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NY Data Law Takes Effect

NEW YORK -- New data privacy rules in New York state are making life more difficult for affected companies, warned IT managers and CIOs attending this week's Interop tradeshow.

Last week, New York's Information Security Breach and Notification Act went into effect; thus forcing companies to rethink how they handle data and report breaches. It applies to "state entities and persons or businesses conducting business in New York who own or license computerized data which includes private information."

Behind the legalese is this: Lawmakers in New York are prepared to come down hard on firms that lose sensitive infomation. Failure to disclose data breaches to consumers may result in fines of up to $150,000. Although there is no specified timeframe for reporting a breach, the law urges users to do so "in the most expedient time possible without unreasonable delay."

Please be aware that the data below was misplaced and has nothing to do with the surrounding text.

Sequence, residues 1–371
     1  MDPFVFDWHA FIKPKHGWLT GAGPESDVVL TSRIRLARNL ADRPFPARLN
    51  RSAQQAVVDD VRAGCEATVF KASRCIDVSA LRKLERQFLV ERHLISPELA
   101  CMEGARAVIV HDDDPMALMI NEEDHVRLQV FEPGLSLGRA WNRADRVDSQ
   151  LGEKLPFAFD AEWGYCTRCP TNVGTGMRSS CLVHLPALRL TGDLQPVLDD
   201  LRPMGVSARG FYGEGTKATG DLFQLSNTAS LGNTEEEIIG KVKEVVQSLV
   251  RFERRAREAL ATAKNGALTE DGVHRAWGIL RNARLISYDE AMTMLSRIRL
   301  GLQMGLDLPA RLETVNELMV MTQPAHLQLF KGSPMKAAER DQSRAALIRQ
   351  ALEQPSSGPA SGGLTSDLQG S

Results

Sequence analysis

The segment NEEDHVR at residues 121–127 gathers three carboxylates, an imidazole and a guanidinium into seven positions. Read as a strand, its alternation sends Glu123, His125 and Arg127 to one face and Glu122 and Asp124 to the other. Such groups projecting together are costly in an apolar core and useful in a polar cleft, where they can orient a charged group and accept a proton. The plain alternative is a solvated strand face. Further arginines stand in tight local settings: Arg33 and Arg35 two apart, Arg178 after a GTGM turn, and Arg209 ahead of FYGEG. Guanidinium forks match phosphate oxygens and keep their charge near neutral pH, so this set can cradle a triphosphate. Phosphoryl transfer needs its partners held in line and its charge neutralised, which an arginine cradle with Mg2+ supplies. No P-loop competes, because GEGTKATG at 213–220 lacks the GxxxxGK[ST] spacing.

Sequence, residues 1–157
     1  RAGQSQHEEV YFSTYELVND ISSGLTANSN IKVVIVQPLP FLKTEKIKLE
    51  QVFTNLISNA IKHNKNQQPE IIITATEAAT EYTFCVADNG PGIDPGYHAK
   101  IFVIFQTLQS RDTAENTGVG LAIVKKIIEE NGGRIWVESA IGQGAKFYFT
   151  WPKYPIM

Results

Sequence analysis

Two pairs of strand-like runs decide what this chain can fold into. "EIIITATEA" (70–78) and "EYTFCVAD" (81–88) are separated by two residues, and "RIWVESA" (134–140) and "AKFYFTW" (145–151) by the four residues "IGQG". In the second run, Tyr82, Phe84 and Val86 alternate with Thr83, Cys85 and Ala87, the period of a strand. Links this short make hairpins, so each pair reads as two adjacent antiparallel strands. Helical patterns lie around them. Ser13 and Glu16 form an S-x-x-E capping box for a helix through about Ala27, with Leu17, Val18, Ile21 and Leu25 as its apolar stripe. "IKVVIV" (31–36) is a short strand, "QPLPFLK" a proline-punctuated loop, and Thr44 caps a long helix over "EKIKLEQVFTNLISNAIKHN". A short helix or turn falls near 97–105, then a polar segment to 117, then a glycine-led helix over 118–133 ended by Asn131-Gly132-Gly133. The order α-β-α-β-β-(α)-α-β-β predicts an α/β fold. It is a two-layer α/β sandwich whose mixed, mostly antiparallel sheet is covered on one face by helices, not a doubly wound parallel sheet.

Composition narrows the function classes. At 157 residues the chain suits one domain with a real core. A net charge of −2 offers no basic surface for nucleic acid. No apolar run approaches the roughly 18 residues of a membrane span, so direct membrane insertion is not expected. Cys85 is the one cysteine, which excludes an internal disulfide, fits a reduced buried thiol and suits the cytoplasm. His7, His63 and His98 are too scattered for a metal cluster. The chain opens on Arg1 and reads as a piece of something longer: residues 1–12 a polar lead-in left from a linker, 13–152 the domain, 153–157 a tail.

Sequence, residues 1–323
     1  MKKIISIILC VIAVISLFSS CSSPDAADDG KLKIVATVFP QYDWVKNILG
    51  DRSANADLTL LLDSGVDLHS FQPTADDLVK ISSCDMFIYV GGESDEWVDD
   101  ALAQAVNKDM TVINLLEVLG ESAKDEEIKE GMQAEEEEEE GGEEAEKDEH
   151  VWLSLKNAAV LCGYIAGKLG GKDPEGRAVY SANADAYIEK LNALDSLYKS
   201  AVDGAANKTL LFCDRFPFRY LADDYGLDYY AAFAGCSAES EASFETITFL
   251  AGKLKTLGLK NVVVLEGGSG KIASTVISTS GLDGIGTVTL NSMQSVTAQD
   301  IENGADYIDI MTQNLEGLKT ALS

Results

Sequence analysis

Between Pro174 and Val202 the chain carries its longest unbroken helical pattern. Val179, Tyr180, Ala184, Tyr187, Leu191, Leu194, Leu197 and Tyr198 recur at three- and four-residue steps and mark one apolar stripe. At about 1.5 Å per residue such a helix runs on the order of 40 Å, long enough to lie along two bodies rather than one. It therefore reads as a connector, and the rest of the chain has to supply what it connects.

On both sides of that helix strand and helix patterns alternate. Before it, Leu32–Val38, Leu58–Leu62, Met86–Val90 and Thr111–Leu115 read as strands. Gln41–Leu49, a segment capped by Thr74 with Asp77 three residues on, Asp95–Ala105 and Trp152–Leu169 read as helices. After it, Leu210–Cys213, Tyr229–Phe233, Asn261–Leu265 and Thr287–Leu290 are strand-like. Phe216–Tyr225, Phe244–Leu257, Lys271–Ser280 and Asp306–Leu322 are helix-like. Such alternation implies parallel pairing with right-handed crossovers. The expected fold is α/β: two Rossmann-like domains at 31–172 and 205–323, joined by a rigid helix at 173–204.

The act, which follows similar legislation in California, comes after a number of high-profile corporate data snafus. (See Financial Security: Priceless, Don't Be a Data Privacy Dunce and IT Managers Sweat Security.)

But IT execs at Interop are concerned about adding yet another layer of control to systems already straining under a slew of compliance requirements. (See Users Splash Cash on SOX.) "We're really struggling," admitted the vice president of technology of a systems integrator in the financial services sector, who asked not to be named. "It's very difficult. We spend so much time scrutinizing what products to bring into our environment."

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